Morigenos participated in a new review study on whales and dolphins of the Adriatic Sea, published last week. In this comprehensive study, scientists review and summarise the existing knowledge on Adriatic cetaceans and provide guidelines for their long-term conservation. The study was published in the scientific journal Acta Adriatica.
In this new review, scientists carried out a very comprehensive review of the existing literature on whales and dolphins in the Adriatic Sea, and synthesised the findings of different studies. They looked at all aspects of various species of cetaceans living in the region: their distribution, abundance, genetic structure, behaviour, threats, etc. Reviews represent a synthesis of the knowledge generated by the various individual studies.
The published review shows the multifaceted status of Adriatic cetaceans. On the one hand, the diversity of cetacean species in the Adriatic is greater than many people probably imagine: five species live here regularly, and two more occur occasionally. Whales and dolphins are predators at the top of the marine food web and therefore play an important role in marine ecosystems. Their presence in the Adriatic Sea is a good sign in this respect. On the other hand, the Adriatic Sea is one of the most human-impacted areas in the Mediterranean Sea, exposed to many stressors that have a negative impact on the state of marine ecosystems and directly threaten Adriatic cetaceans.
So, what whales and dolphins live in the Adriatic? The most abundant species is the striped dolphin (Stenella coeruleoalba), which lives in the deep southern Adriatic (relatively rarely recorded in the Gulf of Trieste and Slovenia). The second most abundant species, which is also the most widespread throughout the Adriatic, is the bottlenose dolphin (Tursiops truncatus), which also lives in the Gulf of Trieste and Slovenian waters, and which has been studied by Morigenos researchers for more than 20 years. The common dolphin (Delphinus delphis) used to be common in the Adriatic, but is now comparatively rare. In the southern Adriatic, the Risso’s dolphin (Grampus griseus) and the Cuvier’s beaked whale (Ziphius cavirostris) are also present in smaller numbers. The latter is the world’s absolute diving record holder, as it can dive down to 3,000 m and stay underwater for more than three hours. The fin whale (Balaenoptera physalus), which occasionally visits the Gulf of Trieste, and the sperm whale (Physeter macrocephalus) are also occasionally seen, while other species are extremely rare in the Adriatic Sea. This includes the humpback whale (Megaptera novaeangliae), which spent two months in Slovenian waters in 2009.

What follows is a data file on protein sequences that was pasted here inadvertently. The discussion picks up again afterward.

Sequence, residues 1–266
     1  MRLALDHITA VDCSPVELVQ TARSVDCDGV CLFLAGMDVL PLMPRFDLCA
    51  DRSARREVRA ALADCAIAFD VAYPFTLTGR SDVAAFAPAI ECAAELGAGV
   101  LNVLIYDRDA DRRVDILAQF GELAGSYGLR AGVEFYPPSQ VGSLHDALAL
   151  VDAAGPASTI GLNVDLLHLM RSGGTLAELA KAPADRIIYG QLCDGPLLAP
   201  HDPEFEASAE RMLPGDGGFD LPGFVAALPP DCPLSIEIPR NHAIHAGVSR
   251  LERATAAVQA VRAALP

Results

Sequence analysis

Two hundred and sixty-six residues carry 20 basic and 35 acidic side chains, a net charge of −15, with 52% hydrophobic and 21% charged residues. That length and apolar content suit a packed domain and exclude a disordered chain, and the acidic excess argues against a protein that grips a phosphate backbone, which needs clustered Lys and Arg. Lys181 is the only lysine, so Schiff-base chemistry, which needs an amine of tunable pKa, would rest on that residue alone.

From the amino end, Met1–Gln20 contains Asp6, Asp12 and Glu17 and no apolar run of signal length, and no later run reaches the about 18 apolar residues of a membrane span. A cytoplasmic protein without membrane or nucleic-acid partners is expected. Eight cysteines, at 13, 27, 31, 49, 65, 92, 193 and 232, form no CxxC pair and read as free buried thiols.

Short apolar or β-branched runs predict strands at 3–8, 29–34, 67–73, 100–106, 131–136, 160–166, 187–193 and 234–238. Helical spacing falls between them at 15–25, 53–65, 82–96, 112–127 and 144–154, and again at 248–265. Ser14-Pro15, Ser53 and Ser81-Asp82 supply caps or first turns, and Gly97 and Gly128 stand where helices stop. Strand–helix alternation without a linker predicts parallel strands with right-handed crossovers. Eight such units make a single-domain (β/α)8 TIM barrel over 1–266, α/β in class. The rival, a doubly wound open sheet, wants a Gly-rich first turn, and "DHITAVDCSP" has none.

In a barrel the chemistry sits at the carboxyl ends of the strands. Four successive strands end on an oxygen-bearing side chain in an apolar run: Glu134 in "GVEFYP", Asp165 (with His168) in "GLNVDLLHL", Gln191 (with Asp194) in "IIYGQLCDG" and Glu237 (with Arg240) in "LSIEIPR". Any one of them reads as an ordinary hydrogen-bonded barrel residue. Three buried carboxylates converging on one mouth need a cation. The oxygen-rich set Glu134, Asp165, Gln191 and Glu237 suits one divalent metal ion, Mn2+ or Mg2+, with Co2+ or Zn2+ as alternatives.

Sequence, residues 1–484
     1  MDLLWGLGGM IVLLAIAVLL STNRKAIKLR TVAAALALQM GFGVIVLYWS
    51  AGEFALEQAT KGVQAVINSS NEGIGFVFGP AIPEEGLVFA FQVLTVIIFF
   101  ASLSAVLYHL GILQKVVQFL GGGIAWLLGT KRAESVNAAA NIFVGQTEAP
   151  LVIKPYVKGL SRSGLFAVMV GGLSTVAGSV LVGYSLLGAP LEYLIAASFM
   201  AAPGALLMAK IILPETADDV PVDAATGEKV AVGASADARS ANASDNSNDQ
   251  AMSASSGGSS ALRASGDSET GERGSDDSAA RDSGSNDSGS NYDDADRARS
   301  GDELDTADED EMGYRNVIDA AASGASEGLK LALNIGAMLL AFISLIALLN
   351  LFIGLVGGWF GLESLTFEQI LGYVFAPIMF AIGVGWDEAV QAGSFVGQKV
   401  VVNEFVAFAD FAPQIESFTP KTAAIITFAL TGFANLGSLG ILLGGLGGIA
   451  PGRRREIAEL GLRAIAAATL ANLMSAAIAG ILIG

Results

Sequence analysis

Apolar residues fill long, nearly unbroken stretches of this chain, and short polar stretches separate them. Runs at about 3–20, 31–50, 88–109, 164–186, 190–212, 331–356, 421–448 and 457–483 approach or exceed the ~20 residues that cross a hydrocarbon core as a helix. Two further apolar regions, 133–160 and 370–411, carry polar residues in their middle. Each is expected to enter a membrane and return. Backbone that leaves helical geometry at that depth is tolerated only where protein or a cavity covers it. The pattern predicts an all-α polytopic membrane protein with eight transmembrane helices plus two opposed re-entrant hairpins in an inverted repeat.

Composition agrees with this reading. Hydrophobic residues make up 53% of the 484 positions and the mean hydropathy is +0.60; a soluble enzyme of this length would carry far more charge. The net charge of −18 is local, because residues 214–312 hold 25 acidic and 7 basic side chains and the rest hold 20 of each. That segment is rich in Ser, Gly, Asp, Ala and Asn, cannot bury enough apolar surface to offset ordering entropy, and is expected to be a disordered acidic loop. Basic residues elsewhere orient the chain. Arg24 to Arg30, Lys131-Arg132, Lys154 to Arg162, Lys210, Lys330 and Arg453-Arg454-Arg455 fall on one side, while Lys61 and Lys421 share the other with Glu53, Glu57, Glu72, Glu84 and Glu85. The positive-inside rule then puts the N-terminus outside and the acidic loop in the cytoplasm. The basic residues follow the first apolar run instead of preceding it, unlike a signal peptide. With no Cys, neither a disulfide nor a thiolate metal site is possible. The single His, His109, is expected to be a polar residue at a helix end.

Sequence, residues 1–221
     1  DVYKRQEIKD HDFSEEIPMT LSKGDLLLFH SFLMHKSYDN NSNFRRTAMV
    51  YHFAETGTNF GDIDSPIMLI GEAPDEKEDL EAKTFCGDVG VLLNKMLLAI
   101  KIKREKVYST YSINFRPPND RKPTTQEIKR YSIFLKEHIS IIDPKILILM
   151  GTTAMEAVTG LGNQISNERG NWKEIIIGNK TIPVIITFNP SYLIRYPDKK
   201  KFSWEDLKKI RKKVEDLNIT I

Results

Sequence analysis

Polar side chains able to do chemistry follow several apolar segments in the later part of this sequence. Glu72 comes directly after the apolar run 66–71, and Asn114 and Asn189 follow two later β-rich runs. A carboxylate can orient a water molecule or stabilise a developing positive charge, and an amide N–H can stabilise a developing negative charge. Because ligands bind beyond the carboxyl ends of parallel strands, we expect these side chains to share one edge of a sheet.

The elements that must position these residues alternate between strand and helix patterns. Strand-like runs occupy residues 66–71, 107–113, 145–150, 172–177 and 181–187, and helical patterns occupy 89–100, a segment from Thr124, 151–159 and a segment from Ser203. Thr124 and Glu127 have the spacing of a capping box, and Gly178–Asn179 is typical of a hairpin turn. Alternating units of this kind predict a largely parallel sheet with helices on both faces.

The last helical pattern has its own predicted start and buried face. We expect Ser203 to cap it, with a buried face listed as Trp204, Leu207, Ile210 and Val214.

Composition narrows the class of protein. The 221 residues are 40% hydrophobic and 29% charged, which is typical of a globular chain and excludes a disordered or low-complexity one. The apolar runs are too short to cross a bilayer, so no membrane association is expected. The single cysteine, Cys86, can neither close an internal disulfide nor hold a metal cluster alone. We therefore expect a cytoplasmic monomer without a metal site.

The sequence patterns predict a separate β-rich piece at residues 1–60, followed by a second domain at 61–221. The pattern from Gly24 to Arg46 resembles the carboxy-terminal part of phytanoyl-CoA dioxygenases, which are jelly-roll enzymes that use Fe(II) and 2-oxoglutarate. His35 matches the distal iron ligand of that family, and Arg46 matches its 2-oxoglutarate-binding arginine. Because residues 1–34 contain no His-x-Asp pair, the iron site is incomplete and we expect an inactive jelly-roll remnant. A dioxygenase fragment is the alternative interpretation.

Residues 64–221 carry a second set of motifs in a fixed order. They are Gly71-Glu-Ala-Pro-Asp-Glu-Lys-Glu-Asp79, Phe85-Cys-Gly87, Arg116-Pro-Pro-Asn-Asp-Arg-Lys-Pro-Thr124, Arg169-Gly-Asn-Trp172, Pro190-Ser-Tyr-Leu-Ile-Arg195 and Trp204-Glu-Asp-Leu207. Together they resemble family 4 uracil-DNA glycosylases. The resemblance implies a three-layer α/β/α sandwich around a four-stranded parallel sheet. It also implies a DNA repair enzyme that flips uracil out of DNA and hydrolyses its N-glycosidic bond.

Despite this relative diversity, the status of cetaceans in the Adriatic is worse today than it was a few decades ago. Between the 19th and mid-20th century, thousands of dolphins were deliberately killed in the Adriatic, leading, among other things, to the near disappearance of the common dolphin. Today, Adriatic cetaceans face many threats, including the combined effects of habitat loss and degradation, prey depletion, incidental mortality in fishing gear, anthropogenic noise, marine litter, chemical pollution and climate change. The Adriatic is a particularly vulnerable ecosystem due to its semi-enclosed nature and relative shallowness, and it is also the most heavily trawled sea in the world.
The lead author Dr Giovanni Bearzi reports: “In the past, dolphins were regarded as pests and the practice of killing them was common and widespread, largely as an attempt to reduce conflict with fisheries. In the Adriatic Sea, dolphin extermination campaigns were promoted by the authorities responsible for fisheries management, and these killings were carried out for more than a century, until as recently as the 1960s.”
“Today we know that large predators such as whales, dolphins and sharks aren’t pests, but instead play a very important role in the marine ecosystems” said Dr Tilen Genov, president of Morigenos and lecturer at the University of Primorska. “The data are clear: if we want a healthy and plentiful sea, which we humans also depend on, we need healthy populations of large marine predators.”
The authors believe that this new review will serve as a useful reference for researchers in the region, students, decision-makers and all those interested in Adriatic cetaceans, and will also provide a useful baseline for future research.
The review paper is available here: https://acta.izor.hr/ojs/index.php/acta/article/view/1422.